European powers warn on Iran nuclear deal | News | DW | 14.07.2019
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European powers warn on Iran nuclear deal

Germany, France and Britain have called for "responsible" action to reduce tensions between Tehran and the United States. Iran has breached the terms of the 2015 nuclear deal by raising limits on uranium enrichment.

Three key European powers on Sunday called for ways to stop the escalation of tensions and to resume dialogue over Iran's nuclear program.

In a joint statement released by the Elysee Palace on France's Bastille Day, the leaders of Britain, France and Germany said "the moment has come to act in a responsible way" to avoid the 2015 nuclear deal falling apart.

"The risks are such that is is necessary that all the parties take a pause and think about the possible consequences of their actions," the statement added.

Read more: Iran and US trade barbs at international nuclear meeting

Violation raises tensions

Over the past 10 days, Tehran has twice breached the terms of the landmark accord with six world powers — known as the Joint Comprehensive Plan of Action (JCPOA) — which sought to extend the time Iran would need to make an atomic bomb.

After US President Donald Trump last year abandoned US participation in the JCPOA and reimposed sanctions on the Islamic Republic, Iran raised the limits on uranium enrichment.

Iran's leaders are angry that its beleaguered economy is not benefiting from the sanctions relief it was promised under the accord.

Reacting to the violation, the European countries said on Sunday: "We are concerned by the risk that the JCPOA further unravels under the strain of sanctions ... and following Iran's decision to no longer implement several of the central provisions of the agreement."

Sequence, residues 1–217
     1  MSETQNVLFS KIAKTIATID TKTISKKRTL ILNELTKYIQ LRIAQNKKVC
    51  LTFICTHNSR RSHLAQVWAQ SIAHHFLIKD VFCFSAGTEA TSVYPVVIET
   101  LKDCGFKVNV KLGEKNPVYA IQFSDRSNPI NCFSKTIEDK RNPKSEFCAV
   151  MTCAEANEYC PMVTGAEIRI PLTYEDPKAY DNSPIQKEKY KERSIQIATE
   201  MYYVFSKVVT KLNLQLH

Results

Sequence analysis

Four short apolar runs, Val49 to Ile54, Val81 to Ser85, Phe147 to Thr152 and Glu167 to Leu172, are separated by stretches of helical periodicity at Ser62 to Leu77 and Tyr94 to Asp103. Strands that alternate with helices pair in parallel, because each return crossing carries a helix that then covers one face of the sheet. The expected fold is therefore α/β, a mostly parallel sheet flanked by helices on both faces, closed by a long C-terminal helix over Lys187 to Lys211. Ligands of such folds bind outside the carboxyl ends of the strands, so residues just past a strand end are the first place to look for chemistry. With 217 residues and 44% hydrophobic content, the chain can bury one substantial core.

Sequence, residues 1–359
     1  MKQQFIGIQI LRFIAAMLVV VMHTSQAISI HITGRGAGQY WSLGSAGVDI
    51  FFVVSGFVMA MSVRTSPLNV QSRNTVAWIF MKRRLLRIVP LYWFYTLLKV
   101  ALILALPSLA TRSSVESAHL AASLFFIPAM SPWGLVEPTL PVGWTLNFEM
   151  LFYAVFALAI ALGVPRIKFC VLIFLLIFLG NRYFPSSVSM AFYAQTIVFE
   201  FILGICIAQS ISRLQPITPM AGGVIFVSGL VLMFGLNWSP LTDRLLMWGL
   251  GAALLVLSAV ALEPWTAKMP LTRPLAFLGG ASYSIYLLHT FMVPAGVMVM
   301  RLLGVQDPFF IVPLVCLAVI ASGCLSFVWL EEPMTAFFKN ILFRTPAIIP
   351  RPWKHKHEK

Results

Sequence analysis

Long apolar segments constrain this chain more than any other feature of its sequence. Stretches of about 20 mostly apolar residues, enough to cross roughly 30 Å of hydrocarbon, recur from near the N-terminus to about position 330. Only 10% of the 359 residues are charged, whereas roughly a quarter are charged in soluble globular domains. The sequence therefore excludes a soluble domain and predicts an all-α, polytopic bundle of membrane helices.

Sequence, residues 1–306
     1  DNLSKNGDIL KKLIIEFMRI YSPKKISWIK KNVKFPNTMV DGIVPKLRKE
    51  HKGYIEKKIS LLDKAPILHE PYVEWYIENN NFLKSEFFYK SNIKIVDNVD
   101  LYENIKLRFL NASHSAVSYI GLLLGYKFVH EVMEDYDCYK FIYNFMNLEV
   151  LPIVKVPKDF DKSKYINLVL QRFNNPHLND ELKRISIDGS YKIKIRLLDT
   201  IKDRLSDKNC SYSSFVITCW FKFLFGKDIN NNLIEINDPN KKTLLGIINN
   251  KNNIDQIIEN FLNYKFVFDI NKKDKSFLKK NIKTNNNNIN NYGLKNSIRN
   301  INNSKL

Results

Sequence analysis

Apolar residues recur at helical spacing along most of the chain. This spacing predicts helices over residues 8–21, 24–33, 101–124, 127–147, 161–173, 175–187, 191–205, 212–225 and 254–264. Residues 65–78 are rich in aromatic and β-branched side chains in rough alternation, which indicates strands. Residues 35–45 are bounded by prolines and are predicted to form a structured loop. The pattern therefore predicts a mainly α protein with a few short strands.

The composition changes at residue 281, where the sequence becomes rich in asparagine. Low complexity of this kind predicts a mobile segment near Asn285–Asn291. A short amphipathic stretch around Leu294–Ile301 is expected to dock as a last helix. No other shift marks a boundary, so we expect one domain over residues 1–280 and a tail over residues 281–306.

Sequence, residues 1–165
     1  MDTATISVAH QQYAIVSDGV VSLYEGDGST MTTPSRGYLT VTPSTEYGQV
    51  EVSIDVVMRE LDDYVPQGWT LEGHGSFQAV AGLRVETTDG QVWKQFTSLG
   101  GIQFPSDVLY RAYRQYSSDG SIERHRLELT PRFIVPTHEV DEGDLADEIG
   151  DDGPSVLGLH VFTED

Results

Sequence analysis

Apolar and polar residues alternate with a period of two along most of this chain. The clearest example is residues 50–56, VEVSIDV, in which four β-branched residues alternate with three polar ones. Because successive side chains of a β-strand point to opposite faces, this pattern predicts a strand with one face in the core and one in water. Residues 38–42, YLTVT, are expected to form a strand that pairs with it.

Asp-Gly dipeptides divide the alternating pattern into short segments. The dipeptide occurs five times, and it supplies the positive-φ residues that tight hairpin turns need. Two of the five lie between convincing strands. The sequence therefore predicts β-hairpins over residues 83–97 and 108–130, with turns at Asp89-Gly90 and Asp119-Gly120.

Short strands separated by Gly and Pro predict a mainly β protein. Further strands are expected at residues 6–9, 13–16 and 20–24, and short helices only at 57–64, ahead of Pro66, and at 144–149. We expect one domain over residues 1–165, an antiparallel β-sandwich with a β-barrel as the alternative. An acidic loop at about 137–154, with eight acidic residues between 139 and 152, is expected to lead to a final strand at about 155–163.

Read more: Iranians 'stuck in a vicious cycle' over US tensions

Europe 'still backs the deal'

Germany, France and Britain said they would continue to support the nuclear deal but that its implementation "was contingent on Iran's full compliance."

"We strongly urge Iran to reverse its recent decisions in this regard," their statement said.

The European Union has launched a workaround scheme to help companies avoid US financial penalties for trading with Iran, but the program is currently limited to food and medicine. Tehran has demanded the mechanism, known as INSTEX, be expanded to include its oil trade.

Read more: Can an enhanced INSTEX really work for Iran?

New negotiations mooted

Iranian President Hassan Rouhani on Sunday said Tehran was ready to hold talks with the US if Washington lifts sanctions and returns to the 2015 nuclear deal.

"We have always believed in talks ... if they lift sanctions, end the imposed economic pressure and return to the deal, we are ready to hold talks with America today, right now and anywhere," Rouhani said in a televised speech.

Trump, however, said last week that sanctions against Iran would soon be increased "substantially."

Even so, Iranian Foreign Minister Mohammad Javad Zarif arrived in New York on Sunday to attend a United Nations meeting this week.

Read more: Iran-US tensions flare in the Persian Gulf: What's at stake?

Iran-US hostility is not limited to the nuclear deal. Washington last month blamed Tehran for sabotage attacks on several oil tankers in the Persian Gulf. The standoff saw the US prepare air strikes on Iran that Trump called off at the last minute.

mm/jm (AFP, AP, dpa, Reuters)

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